Chestertown Makes Formal Bid For Armory

On May 21, Mayor Margo Bailey wrote to inform Bob Rosenbush of the Maryland Department of Planning that Chestertown agreed to purchase the Sgt. John H. Newnam Armory with no conditions. Bailey’s letter said that the council developed a process for ultimate use of the building and has received several viable proposals, all of which required additional information and commitment. Bailey said in January that it was unrealistic in that budget climate for the town to acquire a building for which it had no identifiable use. Acquisition requires a payment of some $500,000 to retire the National Guard’s debt for repairs on the building. By law, an excess armory is to be sold at auction unless the town or county where it is located takes it over. To some residents, that raised the specter of developers buying the building, which they said would reduce public access to the river.


Those concerns led to the formation of the STAY group, which advocates the preservation of the building for public use and renovation of the property on a green platform. Beginning in January, STAY gathered petitions seeking a delay in the state’s decision and pressured the town to take an active role. At the March 6 council meeting, Town Manager Bill Ingersoll signaled the town’s change of thinking. He put together the process that led to the May 19 council vote to buy the building.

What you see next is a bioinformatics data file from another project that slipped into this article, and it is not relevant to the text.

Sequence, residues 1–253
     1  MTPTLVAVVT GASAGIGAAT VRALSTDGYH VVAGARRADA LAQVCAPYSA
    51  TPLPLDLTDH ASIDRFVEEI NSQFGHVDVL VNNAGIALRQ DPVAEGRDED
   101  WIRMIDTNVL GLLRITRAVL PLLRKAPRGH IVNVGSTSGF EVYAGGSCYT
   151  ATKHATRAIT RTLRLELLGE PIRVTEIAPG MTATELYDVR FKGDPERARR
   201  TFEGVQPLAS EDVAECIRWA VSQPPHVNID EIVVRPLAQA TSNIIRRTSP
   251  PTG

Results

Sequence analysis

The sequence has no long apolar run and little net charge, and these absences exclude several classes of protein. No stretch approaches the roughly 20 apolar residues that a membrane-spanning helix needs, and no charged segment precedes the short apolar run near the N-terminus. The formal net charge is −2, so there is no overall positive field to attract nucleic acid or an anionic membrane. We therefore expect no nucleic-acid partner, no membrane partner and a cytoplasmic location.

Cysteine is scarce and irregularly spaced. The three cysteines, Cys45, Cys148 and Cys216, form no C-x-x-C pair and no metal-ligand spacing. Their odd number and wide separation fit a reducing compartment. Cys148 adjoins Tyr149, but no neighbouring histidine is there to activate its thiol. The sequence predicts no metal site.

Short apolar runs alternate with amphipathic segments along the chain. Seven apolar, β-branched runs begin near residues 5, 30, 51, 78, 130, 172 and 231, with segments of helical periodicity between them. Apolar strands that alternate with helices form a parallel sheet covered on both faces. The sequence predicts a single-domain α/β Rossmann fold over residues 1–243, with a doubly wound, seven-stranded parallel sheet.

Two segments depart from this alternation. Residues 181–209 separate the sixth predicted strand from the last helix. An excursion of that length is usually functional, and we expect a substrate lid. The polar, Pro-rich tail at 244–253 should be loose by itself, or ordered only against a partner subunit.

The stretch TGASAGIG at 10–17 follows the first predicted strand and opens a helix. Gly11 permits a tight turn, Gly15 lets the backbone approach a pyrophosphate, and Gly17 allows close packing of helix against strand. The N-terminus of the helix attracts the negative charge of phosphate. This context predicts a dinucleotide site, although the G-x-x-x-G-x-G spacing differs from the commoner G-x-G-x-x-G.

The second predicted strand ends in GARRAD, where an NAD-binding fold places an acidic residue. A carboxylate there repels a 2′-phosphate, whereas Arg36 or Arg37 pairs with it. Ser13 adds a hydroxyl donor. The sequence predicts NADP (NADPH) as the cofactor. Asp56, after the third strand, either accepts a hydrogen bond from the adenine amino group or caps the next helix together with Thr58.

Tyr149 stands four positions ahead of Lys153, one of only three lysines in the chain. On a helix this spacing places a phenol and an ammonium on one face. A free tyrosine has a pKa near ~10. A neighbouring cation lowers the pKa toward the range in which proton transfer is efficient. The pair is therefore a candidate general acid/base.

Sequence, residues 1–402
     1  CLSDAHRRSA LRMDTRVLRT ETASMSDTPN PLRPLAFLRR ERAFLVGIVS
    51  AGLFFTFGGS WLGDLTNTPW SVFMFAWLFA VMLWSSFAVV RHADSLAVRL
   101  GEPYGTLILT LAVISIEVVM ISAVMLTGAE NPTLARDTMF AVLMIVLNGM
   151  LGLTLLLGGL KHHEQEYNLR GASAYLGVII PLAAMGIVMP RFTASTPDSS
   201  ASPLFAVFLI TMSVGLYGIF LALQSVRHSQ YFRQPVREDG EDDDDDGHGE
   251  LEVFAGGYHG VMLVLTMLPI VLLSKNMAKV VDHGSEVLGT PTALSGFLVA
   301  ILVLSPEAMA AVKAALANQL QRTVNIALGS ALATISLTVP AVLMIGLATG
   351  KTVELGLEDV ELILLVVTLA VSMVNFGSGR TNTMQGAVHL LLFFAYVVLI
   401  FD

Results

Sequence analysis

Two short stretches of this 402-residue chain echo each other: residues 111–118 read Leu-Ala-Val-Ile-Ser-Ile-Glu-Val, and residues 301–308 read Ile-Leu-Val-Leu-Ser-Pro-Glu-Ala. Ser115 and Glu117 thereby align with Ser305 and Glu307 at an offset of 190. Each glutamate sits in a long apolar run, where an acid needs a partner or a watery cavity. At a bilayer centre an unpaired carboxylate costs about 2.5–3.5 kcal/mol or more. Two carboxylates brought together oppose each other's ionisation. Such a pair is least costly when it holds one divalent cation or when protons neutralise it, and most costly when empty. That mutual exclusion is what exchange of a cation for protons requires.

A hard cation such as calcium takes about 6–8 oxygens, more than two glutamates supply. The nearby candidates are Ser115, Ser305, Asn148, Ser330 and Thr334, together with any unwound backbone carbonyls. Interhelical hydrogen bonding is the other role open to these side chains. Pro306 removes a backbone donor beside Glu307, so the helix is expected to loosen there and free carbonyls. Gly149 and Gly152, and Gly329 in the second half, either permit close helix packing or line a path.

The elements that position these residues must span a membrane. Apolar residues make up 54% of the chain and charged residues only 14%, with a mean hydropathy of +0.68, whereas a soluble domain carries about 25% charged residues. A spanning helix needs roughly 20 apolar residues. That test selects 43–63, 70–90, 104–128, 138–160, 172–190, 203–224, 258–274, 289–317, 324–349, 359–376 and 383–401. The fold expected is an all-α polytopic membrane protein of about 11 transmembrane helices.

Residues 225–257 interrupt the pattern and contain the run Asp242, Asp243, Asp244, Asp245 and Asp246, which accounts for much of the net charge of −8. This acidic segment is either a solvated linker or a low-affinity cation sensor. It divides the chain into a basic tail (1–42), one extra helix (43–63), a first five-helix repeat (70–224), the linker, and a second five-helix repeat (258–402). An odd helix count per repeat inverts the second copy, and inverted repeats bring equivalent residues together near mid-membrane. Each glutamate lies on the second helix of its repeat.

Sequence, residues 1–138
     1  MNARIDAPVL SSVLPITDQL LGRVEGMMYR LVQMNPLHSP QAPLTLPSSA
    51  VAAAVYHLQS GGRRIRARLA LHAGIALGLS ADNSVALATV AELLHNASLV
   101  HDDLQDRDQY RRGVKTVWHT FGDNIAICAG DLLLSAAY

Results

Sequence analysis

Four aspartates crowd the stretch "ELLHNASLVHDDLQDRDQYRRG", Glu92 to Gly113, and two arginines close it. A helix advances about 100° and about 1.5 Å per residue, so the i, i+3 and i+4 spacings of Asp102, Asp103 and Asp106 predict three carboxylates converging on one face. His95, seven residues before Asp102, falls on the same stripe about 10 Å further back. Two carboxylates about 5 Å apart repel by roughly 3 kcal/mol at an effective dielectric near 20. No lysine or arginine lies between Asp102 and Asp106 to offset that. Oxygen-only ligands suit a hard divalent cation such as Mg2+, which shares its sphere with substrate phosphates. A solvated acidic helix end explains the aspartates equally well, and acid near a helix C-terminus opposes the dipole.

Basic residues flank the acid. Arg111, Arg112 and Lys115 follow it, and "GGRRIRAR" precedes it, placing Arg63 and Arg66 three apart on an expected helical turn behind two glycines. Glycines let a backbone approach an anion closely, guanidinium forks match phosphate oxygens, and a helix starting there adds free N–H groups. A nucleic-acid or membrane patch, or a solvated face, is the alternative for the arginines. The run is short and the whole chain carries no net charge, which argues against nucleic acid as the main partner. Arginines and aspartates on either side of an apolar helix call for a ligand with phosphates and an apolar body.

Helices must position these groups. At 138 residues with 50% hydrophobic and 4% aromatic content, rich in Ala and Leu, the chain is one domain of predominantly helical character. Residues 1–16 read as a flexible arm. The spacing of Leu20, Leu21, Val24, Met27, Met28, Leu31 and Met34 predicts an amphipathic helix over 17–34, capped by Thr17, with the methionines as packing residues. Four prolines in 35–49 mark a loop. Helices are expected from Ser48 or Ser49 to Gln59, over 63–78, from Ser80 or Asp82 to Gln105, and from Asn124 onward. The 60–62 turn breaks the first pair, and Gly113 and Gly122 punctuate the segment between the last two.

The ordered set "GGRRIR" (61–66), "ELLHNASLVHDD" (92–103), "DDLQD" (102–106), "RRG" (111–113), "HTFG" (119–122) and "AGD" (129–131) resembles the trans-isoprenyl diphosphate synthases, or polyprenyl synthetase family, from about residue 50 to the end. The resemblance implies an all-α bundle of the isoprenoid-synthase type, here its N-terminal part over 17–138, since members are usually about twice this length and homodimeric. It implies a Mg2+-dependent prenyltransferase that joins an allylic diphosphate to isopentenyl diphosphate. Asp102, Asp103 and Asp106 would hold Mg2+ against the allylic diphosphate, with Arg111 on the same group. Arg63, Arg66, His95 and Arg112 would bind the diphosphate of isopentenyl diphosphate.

Ingersoll said at a budget workshop on May 14 that the town had lines of credit sufficient to cover the purchase. The town expects to recoup the money from the eventual owner. State law offers two different procedures for disposing of excess property. Under the Superfluous Armories Act, towns and counties have the right of first refusal. Under another procedure, the MDP decides among the applicants with no order of preference. A coalition of the county Department of Social Services and the Samaritan Group said on May 19 that it is pursuing its application under both procedures.

Bailey’s letter to the MDP says the council considers the Superfluous Armories Act to apply in this case and is hereby invoking their right to proceed as the buyer of the Chestertown Armory. The letter was copied to Governor Martin O’Malley and officials at the Department of Planning, the state clearinghouse, and the Maryland Military Department. A copy also went to the county commissioners.

Meanwhile, STAY has written to Baird Tipson, Washington College president, asking whether the college intends to rent part of the building. STAY’s plans have been predicated in part on having the college as primary renter. At the May 4 council meeting, Ed Nordberg, chairman of the College Board of Visitors and Governors, told the council that discussions of possible rental from STAY were ongoing and that a decision was unlikely before the June 1 deadline for the town to indicate its interest to the state.

STAY’s letter, signed by Frank Rhodes, outlines the college’s previous expressions of interest in the armory and concludes that the STAY construct offers exceptional opportunities for Washington College. STAY expended efforts to accommodate the stated College interests, which were extensive and expensive. The purpose of the letter was to request a response and explanation with respect to such interests no later than June 1. Tipson said he had not seen the STAY letter. He indicated the college was still interested in the armory, possibly as a home for the Center for Environment and Society.